Carbsane-LC dogma definitely works better in a "static" world. It's easy to understand. To bad it's mostly wrong.

This "understandability" factor can't be underestimated. This is what allows these simple myths to keep going. If it all makes sense, it has to be true, right?

For example, I'm a chiropractor, and my profession has been telling people for years that their spines have been "out" and they need to be put back "in", meaning their vertebrae is out of place and that popping noise is the spine going back into place and re-aligning. The problem is, that is pure crap! But it's easy to understand and it keeps people coming back. Believe me, if your spine was that "out", you'd be in the ER. LC dogma works on the same level. Spinal adjusting does tremendous things for people, by the way, just as lower carb/paleo can help people lose weight and become more healthy (relatively speaking)-it's just that the explained mechanisms behind it all is mostly garbage. More realistic explanations also tend to take the "magic" out of the treatment (chiro, LC , or whatever) as well, reducing it to a science and less of a philosophy, and possibly showing that it may not be for everyone or that there are other options (horror!). This equals reduced income (double horror!).

By the way, I get info emails from Joe Mercola all of the time and his site is full of LC and supplement garbage and scare tactics designed to make you purchase stuff. A little advice for everyone out there: If someone is peddling "wellness" information (supplements, detox, anti-vaccine, government schemes designed to keep diseases from being cured and support corporate interests, etc.) be very, very, very skeptical. I'm not saying this stuff isn't true necessarily, but I think many of these claims need more evidence than is normally given. As a chiro, I've been the target of many of these "wellness" peddlers as a potential rep, and they always highlight the wellness industry as the "billion dollar industry." It's all about the money folks! It's hardly ever about the truth or the search for truth IMO. The wellness industry targets people's naivety and tries to exploit it, filling the gap with half truths and magic bullets that cost a lot of money and deliver hit and miss results (mostly miss IMO). Be very skeptical!

Sorry about the rant, I guess I'm a little bitter.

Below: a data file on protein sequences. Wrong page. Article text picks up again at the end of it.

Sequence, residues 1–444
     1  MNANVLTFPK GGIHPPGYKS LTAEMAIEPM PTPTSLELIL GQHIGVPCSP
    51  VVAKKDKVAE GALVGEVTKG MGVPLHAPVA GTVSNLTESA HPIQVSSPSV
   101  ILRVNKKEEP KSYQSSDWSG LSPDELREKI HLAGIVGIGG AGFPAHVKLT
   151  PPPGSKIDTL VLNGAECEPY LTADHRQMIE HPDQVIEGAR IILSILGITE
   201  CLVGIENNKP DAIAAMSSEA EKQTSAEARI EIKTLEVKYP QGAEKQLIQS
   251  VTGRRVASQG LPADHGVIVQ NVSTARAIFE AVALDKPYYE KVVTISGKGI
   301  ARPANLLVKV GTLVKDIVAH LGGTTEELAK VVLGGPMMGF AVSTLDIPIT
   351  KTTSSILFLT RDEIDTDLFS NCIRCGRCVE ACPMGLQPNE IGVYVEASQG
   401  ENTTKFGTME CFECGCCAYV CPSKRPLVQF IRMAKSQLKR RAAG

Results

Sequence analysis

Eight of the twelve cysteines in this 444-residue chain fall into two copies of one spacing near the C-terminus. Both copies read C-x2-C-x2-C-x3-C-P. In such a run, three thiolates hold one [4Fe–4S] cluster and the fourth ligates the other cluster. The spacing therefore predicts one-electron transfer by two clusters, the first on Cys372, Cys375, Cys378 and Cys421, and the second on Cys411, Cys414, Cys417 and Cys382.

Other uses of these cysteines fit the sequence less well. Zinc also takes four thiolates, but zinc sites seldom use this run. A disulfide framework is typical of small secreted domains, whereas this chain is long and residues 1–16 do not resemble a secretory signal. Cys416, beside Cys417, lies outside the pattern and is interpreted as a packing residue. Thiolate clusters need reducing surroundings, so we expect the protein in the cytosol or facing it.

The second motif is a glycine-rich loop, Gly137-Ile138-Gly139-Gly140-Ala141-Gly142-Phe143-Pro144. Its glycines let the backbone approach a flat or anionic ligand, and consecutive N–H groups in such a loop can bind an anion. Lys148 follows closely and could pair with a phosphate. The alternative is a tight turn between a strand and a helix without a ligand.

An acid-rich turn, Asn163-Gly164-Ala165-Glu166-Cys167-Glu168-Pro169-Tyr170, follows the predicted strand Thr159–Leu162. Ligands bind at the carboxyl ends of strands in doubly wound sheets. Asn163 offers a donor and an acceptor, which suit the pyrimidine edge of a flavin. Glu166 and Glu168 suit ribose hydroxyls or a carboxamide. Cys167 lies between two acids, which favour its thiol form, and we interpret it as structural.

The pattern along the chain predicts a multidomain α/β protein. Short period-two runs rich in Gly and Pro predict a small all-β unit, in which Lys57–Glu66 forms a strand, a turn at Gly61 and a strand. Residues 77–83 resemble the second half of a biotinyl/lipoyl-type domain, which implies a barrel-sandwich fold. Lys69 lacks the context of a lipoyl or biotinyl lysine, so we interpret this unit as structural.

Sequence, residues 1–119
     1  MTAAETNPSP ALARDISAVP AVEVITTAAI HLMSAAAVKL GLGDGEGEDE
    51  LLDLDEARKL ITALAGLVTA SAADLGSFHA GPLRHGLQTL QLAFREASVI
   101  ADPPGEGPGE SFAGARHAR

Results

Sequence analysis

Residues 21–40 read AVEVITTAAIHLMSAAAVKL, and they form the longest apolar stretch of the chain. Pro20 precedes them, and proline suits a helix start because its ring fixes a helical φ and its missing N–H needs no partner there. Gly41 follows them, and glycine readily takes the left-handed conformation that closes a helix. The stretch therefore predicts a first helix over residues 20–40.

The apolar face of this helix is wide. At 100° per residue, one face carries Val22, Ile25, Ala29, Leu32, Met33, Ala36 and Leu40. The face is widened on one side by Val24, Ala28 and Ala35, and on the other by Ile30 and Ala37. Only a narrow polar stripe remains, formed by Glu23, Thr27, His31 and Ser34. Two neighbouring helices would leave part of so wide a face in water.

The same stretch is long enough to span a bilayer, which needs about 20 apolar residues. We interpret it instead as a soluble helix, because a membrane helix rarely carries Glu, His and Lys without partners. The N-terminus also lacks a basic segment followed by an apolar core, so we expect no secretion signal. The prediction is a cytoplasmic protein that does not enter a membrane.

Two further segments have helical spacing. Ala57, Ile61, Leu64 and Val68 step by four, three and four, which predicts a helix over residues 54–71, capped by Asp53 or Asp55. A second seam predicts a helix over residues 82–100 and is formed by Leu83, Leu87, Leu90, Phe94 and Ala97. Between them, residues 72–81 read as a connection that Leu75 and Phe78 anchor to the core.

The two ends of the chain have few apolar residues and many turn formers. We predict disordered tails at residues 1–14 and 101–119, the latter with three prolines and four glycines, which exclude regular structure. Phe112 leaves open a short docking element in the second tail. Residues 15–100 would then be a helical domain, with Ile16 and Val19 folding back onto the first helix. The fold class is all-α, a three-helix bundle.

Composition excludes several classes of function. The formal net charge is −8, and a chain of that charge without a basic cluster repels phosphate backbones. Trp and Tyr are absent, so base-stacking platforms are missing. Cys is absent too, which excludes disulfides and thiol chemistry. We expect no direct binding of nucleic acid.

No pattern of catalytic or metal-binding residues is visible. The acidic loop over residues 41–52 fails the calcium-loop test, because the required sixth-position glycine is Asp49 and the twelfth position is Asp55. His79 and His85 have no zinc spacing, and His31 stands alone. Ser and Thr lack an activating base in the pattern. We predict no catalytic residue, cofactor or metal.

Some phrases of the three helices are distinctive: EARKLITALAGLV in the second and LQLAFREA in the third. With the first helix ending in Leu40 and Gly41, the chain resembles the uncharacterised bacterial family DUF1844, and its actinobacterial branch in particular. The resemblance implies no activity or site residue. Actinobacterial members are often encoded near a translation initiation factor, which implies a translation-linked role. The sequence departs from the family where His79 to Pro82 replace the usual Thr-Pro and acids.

CarbSane said…
Rant away fellas, and welcome Jeff!

I recall it was Mark Sisson in Jimmy Moore's roundup of LC "experts" responding to James Kriegers (excellent) series on Insulin who pretty much admitted what you're saying Thomas. For Mark it is all about the "buy in". Who cares if the 151st gram of carb leads to insidious weight gain claim is woefully exaggerated at best, fraudulent more likely. If it gets folks buying into his gimmick -- and then buying his books, overpriced (ultimately low quality) supplements, etc. it's all for a "good" cause.

There are several who comment here who have lost weight once they disavowed the dogma. I have several fold more who have emailed me about their similar experiences.
Anonymous said…
Today, I checked my email and Dr. Mercola's newsletter had Taubes. Same old, same old.


I looked at the comments. First comment, top of the list, from tedhutchinson, brings attention to the abstract of a study which is introduced with this sentence: 'Part of the trouble is that research that doesn't fit with the "official" consensus opinion tends to get hidden.'

So: I read the abstract. It is on pubmed, so I read the study - not 'hidden' - and I read the following editorial, letters to the editor, etc.

The letters to the editor had a reply from James H. Hays, M.D., one of the authors of the study, who was one of the researchers, in which he said (because there was weight loss on this high-fat, low-starch diet):

'Increased fuel excretion and utilization could be mechanisms of a “metabolic advantage” of a particular diet, and our study cannot exclude such mechanisms. However, I believe that our results can be explained by the old saw, “Weight